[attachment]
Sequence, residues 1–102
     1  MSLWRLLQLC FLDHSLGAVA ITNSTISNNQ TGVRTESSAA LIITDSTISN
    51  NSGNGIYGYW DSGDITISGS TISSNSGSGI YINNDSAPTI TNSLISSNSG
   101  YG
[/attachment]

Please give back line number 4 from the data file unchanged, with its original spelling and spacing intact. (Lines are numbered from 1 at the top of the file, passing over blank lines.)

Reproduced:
   101  YG